BATON ROUGE, La. — Louisiana Attorney General Jeff Landry issued a statement on Tuesday supporting the complaint filed by the State of Texas before the U.S. Supreme Court regarding 2020 presidential election.
On Monday, Texas Attorney General Ken Paxton filed a motion in the U.S. Supreme Court challenging how Pennsylvania, George, Michigan and Wisconsin administered the 2020 presidential election, which it says suffered from "significant and unconstitutional irregularities."
According to a release from the attorney general's office, Landry said:
Millions of Louisiana citizens, and tens of millions of our fellow citizens in the country, have deep concerns regarding the conduct of the 2020 federal elections. Deeply rooted in these concerns is the fact that some states appear to have conducted their elections with a disregard to the U.S. Constitution.
Furthermore, many Louisianans have become more frustrated as some in media and the political class try to sidestep legitimate issues for the sake of expediency.
Weeks ago, on behalf of the citizens of Louisiana, my office joined many other states in filing a legal brief with the United States Supreme Court urging the Justices to look into the conduct of the election in Pennsylvania where their state court ignored the U.S. Constitution in regard to the conduct of the election.
The U.S. Constitution in Article 1, Section 4, states plainly: “The Times, Places and Manner of holding Elections for Senators and Representatives, shall be prescribed in each State by the Legislature …”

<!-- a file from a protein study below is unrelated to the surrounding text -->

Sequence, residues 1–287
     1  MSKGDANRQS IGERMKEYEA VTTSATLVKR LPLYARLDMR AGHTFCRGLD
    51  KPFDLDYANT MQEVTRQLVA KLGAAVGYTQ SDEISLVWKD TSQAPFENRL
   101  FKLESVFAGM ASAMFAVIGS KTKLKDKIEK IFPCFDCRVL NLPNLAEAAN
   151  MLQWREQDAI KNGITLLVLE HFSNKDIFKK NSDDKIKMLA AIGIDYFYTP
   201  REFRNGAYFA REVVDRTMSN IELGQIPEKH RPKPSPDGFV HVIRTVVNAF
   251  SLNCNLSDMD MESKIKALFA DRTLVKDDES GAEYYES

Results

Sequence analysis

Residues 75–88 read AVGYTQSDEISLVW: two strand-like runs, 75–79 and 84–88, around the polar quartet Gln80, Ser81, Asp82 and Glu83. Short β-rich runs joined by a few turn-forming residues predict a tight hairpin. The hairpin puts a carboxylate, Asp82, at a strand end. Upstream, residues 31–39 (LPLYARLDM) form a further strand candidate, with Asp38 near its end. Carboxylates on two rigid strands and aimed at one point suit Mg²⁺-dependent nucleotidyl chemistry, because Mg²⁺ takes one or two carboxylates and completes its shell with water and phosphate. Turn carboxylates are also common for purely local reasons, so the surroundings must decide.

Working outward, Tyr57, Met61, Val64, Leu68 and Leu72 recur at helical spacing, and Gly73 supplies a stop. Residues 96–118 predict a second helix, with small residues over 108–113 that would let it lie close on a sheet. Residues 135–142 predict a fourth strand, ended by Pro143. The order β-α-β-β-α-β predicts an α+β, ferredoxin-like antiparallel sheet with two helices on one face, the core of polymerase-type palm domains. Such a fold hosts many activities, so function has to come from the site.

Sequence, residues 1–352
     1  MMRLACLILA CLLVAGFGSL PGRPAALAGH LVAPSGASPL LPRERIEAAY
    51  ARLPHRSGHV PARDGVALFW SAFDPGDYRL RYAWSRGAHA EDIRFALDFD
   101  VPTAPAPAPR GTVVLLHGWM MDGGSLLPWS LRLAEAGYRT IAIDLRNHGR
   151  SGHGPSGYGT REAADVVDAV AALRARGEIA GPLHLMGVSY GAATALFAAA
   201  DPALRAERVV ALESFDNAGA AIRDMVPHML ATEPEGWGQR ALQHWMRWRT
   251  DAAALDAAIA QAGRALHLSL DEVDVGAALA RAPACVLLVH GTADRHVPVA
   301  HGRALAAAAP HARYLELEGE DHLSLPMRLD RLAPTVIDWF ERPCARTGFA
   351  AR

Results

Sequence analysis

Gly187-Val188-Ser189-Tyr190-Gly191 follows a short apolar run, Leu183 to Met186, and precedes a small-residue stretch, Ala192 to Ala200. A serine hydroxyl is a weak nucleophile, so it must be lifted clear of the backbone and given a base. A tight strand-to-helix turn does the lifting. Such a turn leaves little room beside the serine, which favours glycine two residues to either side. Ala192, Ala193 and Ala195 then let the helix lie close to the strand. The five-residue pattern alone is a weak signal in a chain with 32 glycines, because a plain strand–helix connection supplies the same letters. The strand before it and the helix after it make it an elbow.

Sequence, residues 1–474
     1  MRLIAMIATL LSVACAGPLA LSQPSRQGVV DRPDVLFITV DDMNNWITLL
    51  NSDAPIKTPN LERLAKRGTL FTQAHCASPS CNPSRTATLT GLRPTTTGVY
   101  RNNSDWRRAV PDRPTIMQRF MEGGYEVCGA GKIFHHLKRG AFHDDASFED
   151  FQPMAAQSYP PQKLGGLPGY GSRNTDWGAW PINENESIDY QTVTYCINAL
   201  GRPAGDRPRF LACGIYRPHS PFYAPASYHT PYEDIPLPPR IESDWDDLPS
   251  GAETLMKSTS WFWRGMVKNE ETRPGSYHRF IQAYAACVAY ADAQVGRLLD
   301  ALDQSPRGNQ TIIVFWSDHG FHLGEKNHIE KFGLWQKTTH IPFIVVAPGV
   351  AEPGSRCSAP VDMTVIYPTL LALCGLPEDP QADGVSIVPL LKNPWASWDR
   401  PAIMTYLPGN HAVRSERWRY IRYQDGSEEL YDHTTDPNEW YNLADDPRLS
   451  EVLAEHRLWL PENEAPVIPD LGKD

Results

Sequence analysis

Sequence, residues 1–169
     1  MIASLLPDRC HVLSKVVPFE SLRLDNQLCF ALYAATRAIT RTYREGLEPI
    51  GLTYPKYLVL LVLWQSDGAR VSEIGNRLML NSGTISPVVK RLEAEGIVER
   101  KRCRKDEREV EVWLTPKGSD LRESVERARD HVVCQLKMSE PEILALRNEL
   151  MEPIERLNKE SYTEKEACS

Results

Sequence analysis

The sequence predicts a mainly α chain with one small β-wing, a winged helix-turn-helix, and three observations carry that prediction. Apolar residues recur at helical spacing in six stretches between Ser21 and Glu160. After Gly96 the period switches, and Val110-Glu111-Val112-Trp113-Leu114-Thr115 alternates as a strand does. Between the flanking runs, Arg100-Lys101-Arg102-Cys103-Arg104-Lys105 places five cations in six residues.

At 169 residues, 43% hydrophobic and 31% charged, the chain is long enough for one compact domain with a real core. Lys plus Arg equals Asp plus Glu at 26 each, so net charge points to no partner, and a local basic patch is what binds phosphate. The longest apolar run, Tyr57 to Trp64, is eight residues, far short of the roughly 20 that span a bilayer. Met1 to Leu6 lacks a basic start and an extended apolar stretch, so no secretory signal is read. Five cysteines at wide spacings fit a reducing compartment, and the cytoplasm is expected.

The power for the conduct of federal elections is held by the State Legislatures in each state. In states like Pennsylvania, the judicial branch attempted to seize control of these duties and obligations and to set their own rules.
These actions appear to be unconstitutional. If it is unconstitutional for Pennsylvania to take this action, it is similarly unconstitutional for other states to have done the same.
Only the U.S. Supreme Court can ultimately decide cases of real controversy among the states under our Constitution. That is why the Justices should hear and decide the case which we have joined representing the citizens of Louisiana.
Furthermore, the U.S. Supreme Court should consider the most recent Texas motion, which contains some of the same arguments.
Louisiana citizens are damaged if elections in other states were conducted outside the confines of the Constitution while we obeyed the rules.
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